|Matthew Henry's Concise Commentary|
24:18-25 Sometimes how gradual is the decay, how quiet the departure of a wicked person, how is he honoured, and how soon are all his cruelties and oppressions forgotten! They are taken off with other men, as the harvestman gathers the ears of corn as they come to hand. There will often appear much to resemble the wrong view of Providence Job takes in this chapter. But we are taught by the word of inspiration, that these notions are formed in ignorance, from partial views. The providence of God, in the affairs of men, is in every thing a just and wise providence. Let us apply this whenever the Lord may try us. He cannot do wrong. The unequalled sorrows of the Son of God when on earth, unless looked at in this view, perplex the mind. But when we behold him, as the sinner's Surety, bearing the curse, we can explain why he should endure that wrath which was due to sin, that Divine justice might be satisfied, and his people saved.
Verse 19. - Drought and heat consume the snow waters; so doth the grave those which have sinned. This rendering is further confirmed by the next verse. Accepting it, we must suppose Job to pass at this point to the consideration of the ultimate end of the wicked, though in ver. 21 he returns to the consideration of their ill doings. The heat and drought of summer, he says, consume and dry up all the water which comes from the melting of the winter's snows. So does Shoel, or the grave, absorb, and as it were consume, the wicked.
Gill's Exposition of the Entire Bible
Drought and heat consume the snow waters,.... Melt the snow into water, and dry up that, which is done easily, quickly, and suddenly:
so doth the grave those which have sinned; all have sinned, but some are more notorious sinners than others, as those here meant; and all die and are laid in the grave, and are consumed; hence the grave is called the pit of corruption and destruction, because bodies are corrupted and destroyed in it, and which is the case of all, both good and bad men; but the metaphor here used to express it by, of the consumption of snow water by drought and heat, denotes either that the death of these persons is sudden and violent, and in such a manner are brought to the grave, consumed there; that they die a sudden death, and before their time, and do not live out half the days, which, according to the course of nature, they might have lived, or it was expected by them and others they would; whereas they are "snatched away", as the word signifies, as suddenly and violently as snow waters are by the drought and heat; or else that their death is quick, quiet, and easy, as snow is quickly dissolved, and the water as soon and as easily dried up by the drought and heat; they do not lie long under torturing diseases, but are at once taken away, and scarce feel any pain; they die in their full strength, wholly at ease and quiet; which sense well answers Job's scope and design, see Job 21:23. Some render the words, "in the drought and heat they rob, and in the snow waters" (z); that is, they rob at all times and seasons of the year, summer and winter; and this is their constant trade and employ; they are always at it, let the weather be what it will: and "they sin unto the grave", or "hell" (a); they continue in their wicked course of life as long as they live, until they are brought to the grave; they live and die in sin.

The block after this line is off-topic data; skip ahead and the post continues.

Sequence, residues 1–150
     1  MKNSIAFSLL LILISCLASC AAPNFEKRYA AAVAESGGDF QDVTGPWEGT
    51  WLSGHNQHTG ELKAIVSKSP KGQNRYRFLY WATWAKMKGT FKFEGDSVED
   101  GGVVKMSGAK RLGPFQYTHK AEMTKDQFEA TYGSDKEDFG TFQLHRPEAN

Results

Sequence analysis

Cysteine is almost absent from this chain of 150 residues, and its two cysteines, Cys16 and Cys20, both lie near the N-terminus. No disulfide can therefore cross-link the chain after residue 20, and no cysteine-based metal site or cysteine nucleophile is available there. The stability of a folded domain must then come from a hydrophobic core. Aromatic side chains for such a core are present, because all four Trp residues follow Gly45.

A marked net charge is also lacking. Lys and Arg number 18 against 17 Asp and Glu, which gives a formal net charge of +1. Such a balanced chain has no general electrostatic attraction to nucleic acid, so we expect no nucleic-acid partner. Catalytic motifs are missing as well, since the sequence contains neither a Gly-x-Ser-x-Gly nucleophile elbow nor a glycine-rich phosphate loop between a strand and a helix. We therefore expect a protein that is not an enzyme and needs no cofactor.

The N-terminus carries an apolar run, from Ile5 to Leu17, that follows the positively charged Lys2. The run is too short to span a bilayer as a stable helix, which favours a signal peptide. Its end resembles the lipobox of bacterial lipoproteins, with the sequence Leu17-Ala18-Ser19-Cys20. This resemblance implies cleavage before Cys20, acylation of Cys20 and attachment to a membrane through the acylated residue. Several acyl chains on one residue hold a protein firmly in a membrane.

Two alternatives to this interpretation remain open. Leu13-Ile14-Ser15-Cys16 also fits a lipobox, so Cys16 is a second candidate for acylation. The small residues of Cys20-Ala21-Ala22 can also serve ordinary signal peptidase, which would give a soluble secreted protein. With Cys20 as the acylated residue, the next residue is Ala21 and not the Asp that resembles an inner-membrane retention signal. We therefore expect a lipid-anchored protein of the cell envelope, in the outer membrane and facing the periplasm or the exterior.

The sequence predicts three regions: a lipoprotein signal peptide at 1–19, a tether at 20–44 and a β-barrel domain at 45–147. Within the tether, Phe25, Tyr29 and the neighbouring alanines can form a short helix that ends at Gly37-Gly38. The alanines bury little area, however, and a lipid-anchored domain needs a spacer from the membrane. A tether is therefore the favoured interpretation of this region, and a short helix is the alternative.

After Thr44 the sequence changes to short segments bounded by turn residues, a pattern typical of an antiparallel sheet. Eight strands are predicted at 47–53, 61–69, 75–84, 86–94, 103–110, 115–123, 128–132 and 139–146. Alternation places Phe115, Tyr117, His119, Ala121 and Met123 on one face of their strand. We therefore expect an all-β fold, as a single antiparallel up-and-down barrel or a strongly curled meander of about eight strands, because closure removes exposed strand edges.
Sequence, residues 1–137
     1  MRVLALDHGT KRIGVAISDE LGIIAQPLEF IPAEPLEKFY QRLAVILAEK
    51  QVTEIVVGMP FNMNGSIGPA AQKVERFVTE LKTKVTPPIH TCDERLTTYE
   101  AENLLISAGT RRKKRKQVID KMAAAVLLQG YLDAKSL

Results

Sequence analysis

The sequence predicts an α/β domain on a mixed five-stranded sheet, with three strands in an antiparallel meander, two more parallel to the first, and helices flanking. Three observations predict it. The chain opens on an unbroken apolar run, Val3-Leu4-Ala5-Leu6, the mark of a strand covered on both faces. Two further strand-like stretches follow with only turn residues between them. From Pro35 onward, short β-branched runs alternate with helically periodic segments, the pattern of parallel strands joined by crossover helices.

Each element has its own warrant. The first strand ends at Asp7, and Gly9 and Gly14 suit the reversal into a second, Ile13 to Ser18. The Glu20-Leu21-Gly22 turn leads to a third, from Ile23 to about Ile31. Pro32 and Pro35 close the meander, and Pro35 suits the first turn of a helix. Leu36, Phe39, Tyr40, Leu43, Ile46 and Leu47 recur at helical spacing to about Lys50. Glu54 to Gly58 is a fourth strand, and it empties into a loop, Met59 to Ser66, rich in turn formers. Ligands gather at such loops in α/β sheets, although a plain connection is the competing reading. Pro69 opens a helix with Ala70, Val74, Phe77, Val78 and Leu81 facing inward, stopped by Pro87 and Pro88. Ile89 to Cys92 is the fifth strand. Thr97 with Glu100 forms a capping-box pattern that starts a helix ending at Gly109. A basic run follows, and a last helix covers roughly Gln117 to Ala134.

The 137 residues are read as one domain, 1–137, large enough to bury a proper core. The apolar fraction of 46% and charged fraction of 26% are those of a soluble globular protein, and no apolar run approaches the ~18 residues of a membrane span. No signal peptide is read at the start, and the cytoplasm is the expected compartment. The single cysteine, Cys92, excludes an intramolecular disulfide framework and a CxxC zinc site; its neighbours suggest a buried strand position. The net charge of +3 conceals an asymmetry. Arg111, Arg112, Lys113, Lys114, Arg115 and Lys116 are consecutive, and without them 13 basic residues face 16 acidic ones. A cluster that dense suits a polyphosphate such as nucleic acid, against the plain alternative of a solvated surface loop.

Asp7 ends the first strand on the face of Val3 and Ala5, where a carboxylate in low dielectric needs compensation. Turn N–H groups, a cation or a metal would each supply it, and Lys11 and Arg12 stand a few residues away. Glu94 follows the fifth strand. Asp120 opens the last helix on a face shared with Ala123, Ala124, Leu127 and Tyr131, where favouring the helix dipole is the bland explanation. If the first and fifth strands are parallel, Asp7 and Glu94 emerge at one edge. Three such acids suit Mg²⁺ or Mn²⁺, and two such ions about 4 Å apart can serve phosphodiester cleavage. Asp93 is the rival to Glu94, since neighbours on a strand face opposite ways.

(z) "deficit"; so some in Simeon, Bar Tzemach. (a) "ad infernum usque peccarunt", Schmidt; "usque ad sepulchrum", Mercerus; some in Drusius.
Jamieson-Fausset-Brown Bible Commentary
19. Arabian image; melted snow, as contrasted with the living fountain, quickly dries up in the sunburnt sand, not leaving a trace behind (Job 6:16-18). The Hebrew is terse and elliptical to express the swift and utter destruction of the godless; (so) "the grave—they have sinned!"
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